Have you ever heard this saying: “There are lies, damned lies and statistics?” That was Mark Twain. It came to mind after reading an article published by the CBC, called “Charities Paid $762M to Private Fundraisers.” The article reported on an investigation conducted by CBC into “your charity dollars,” particularly the amount of money that goes to private fundraisers.
While the CBC certainly didn’t lie in the article, they did manage to paint a very grim picture of the entire nonprofit sector in Canada using a few shocking examples of overspending.
The article starts out with a broad statement about all charities in Canada: “Canadian registered charities paid $762 million to third-party fundraisers between 2004 and 2008,” but then focuses entirely on a few who spent ridiculous amounts of money on external fundraisers, leaving practically nothing for their causes.
The article states that CBC “found examples in nearly every province in which local, provincial and national charities for years spent upward of 70 or 80 per cent of their revenues to pay the companies that organized their fundraising drives.” Here are the three examples they give:
- The Alzheimer Society of Saskatchewan, which paid $96,849 for a campaign that raised just $95,812.
- The Children’s Leukemia Research Association Canada, which raised $4.2 million over the last four years, but paid $3.2 million of that to its external fundraiser.
- Nova Scotia Crime Stoppers, which raised $2.8 million between 2003 and 2009 — of which $2.2 million, or 79 per cent, went to pay its fundraiser.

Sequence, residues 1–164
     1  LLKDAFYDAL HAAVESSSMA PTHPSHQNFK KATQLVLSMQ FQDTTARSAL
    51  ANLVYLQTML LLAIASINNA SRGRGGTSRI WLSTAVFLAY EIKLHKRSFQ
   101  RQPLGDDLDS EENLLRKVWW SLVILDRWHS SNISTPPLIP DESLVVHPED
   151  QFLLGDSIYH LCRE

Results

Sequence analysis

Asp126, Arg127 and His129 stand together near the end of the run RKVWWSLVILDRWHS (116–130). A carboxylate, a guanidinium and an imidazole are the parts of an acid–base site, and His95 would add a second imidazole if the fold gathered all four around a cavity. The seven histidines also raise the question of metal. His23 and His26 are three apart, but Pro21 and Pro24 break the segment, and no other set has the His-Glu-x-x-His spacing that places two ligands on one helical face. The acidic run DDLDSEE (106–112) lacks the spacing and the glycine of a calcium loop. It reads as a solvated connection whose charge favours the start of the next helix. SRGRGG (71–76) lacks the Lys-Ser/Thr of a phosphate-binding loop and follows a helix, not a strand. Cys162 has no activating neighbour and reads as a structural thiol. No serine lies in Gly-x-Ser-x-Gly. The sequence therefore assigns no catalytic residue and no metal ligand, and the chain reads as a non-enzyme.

What the CBC fails to make clear in the article, however, is the small percentage of charities that these examples represent. If you look closely at the statistics and do a quick calculation, you realize that the CBC is not talking about the majority of charities in Canada. They are not even talking about 10% of charities. What they are actually talking about is a miniscule 0.2% of charities. So, the story is actually a good one – that 99.8% of charities spend responsibly and do a lot of good with that money. But the article is very misleading. Because of the way the facts are presented, the message that we take away is a bad one.
Also misleading is the comparison between what charities spent on private fundraisers and what they earned, as pointed out by the AFP: The article compares what charities spent in four years ($762M) with what they earned in just one year ($8.2B). At first glance, those numbers are shocking, but if we get the comparison right, what we are actually looking at is $762 million used to raise something more like $32.8 billion, which is not at all shocking. It’s just the cost of raising money.
Unsurprisingly, the CBC investigation and article has fueled a lot of debate and backlash. The article itself has to date received 869 comments. Soon after publication, the Association of Fundraising Professionals released an official response to the CBC, and both the Canadian Red Cross and Crime Stoppers have replied defending their spending.
It’s unfortunate, but articles like this have given donors a bad taste in their mouths and they are going to become more inquisitive about how funds are used. It is your job now to separate yourself from these bad examples that make it into the media. Be prepared. Be transparent. Show donors exactly where funds are going.
 CBC News. Charities Paid $762M to Private Fundraisers. September 22, 2010.
 According tot he articles itself, only 214 of the 85,000 registered charities listed on the CRA’s website used external fundraisers and paid more than 50 per cent of what they earned to them (that’s 0.2%). CBC News. Charities Paid $762M to Private Fundraisers. September 22, 2010.
 AFP Talking Points addressing the CBC article. Available here: http://www.afpnet.org/Audiences/PublicPolicyIssueDetail.cfm?ItemNumber=4606